All Pages Must Use Same Size and Orientation should also be selected. This really comes into play when you're using multiple page sizes to let you know if there is in fact varying pages. So as we can see, Live Preflight can help us identify problems and prevent them long before outputting your file.

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This video is part of

Image for InDesign CS5: Print Production Guidelines
InDesign CS5: Print Production Guidelines

42 video lessons · 15656 viewers

James Wamser
Author

 
Expand all | Collapse all
  1. 3m 19s
    1. Welcome
      54s
    2. Using the exercise files
      31s
    3. Asking the right questions before starting your document
      1m 54s
  2. 21m 59s
    1. Building documents correctly
      3m 9s
    2. Understanding facing pages vs. non-facing pages
      2m 8s
    3. Creating a four-page spread with a left-hand page 1
      1m 48s
    4. Creating a gatefold layout
      2m 7s
    5. Creating a letterfold layout
      2m 27s
    6. Creating a book cover layout for a perfect bound book
      3m 11s
    7. Creating a calendar layout
      3m 13s
    8. Creating a drill edge
      3m 56s
  3. 11m 16s
    1. Understanding the preflight settings
      4m 55s
    2. Creating profiles
      2m 26s
    3. Loading and embedding profiles
      1m 18s
    4. Looking at the results
      2m 37s
  4. 10m 13s
    1. Understanding process colors, spot colors, and the Ink Manager
      1m 57s
    2. Using overprint vs. knockout
      1m 46s
    3. Using rich black (percentages of CMYK)
      1m 44s
    4. Checking for unnamed colors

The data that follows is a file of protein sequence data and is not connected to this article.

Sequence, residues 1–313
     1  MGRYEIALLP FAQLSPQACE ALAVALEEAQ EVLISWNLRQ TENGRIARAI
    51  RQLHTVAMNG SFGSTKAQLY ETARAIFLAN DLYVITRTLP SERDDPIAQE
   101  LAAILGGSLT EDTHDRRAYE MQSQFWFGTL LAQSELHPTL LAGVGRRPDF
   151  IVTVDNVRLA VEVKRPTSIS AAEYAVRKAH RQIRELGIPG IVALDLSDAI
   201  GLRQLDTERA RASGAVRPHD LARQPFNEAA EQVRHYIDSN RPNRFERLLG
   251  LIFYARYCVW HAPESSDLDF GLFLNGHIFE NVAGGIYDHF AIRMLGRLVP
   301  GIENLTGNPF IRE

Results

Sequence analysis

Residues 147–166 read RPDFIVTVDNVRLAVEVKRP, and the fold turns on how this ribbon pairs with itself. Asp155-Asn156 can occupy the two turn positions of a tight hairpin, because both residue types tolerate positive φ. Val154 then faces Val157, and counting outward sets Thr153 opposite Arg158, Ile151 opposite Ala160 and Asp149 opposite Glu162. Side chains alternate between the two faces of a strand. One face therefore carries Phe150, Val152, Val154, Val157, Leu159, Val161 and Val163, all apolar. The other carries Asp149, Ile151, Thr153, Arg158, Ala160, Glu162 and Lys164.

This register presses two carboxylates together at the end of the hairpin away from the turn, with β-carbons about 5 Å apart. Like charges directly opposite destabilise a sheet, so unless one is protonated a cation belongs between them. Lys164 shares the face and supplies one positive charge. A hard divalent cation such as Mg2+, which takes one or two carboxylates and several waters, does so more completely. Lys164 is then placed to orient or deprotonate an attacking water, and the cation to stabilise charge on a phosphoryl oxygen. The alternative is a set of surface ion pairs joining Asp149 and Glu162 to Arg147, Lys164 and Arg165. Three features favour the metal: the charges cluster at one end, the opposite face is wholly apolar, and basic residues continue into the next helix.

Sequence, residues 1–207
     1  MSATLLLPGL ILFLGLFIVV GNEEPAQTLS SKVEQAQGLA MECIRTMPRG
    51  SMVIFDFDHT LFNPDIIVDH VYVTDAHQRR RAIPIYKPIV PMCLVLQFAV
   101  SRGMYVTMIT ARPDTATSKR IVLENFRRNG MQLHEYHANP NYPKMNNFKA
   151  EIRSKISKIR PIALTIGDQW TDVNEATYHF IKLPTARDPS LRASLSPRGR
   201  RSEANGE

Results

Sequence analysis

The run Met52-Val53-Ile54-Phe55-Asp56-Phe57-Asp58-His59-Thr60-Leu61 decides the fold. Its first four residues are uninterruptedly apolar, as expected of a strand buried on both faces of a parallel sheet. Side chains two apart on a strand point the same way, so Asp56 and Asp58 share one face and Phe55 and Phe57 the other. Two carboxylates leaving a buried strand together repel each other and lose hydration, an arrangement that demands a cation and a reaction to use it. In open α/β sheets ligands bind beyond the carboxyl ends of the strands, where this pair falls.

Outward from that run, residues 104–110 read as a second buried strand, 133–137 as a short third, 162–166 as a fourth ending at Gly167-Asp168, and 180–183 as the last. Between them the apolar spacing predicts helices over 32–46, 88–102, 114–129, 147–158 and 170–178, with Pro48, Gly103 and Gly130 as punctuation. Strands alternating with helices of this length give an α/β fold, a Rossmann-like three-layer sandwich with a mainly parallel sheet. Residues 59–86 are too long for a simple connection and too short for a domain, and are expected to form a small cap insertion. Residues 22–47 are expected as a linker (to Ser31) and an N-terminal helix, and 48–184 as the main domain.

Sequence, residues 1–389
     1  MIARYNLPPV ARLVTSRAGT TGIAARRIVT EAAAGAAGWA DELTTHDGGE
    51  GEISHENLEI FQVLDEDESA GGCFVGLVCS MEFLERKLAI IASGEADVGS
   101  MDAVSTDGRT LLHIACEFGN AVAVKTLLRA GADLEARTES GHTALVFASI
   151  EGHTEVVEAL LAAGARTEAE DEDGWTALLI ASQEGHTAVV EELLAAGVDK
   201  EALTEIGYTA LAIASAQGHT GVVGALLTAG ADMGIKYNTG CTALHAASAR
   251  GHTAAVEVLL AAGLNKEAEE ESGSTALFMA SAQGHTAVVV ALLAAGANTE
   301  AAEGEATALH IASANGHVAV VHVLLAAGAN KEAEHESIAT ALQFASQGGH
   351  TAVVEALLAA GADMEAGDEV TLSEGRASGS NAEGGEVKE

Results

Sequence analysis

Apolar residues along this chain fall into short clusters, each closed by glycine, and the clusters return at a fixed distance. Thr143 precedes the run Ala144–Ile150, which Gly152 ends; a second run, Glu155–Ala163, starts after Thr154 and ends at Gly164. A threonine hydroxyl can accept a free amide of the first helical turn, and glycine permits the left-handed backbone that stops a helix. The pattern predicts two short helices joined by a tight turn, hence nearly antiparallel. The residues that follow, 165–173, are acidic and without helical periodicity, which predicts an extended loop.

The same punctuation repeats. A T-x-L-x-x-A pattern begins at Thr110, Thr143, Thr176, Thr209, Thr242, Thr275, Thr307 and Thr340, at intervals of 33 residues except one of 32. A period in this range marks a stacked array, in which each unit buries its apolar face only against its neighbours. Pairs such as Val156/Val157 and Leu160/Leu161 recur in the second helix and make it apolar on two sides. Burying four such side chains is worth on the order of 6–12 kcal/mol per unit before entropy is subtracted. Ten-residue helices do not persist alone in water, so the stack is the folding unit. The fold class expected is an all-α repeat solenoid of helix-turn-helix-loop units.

2m 4s
    5. Using mixed inks and registration
      2m 42s
  5. 4m 25s
    1. Using layers
      2m 25s
    2. Understanding Conditional Text and GREP
      2m 0s
  6. 6m 6s
    1. Understanding document fonts
      1m 33s
    2. Avoiding common font problems
      2m 57s
    3. Choosing the best font formats
      1m 36s
  7. 9m 0s
    1. Looking at the Links panel
      1m 32s
    2. Customizing the Links panel
      1m 56s
    3. Understanding resolution and scaling
      2m 4s
    4. Understanding actual resolution vs. effective resolution
      1m 53s
    5. Choosing file formats
      1m 35s
  8. 6m 47s
    1. Understanding RGB and CMYK
      2m 13s
    2. Using ICC profiles
      2m 13s
    3. Converting from RGB to CMYK during PDF export
      2m 21s
  9. 7m 44s
    1. Understanding accurate soft proofing in Acrobat
      2m 32s
    2. Using the Separations Preview panel
      3m 16s
    3. Using the Flattener Preview panel
      1m 56s
  10. 11m 43s
    1. Packaging your files
      2m 0s
    2. Using Adobe PDF presets
      2m 2s
    3. Understanding PDF/X-1a vs. PDF/X4
      3m 20s
    4. Understanding when to create an Acrobat layer
      1m 25s
    5. Using single pages vs. spreads
      2m 56s
  11. 2m 14s
    1. Final thoughts: 10 things to keep your printer happy
      2m 14s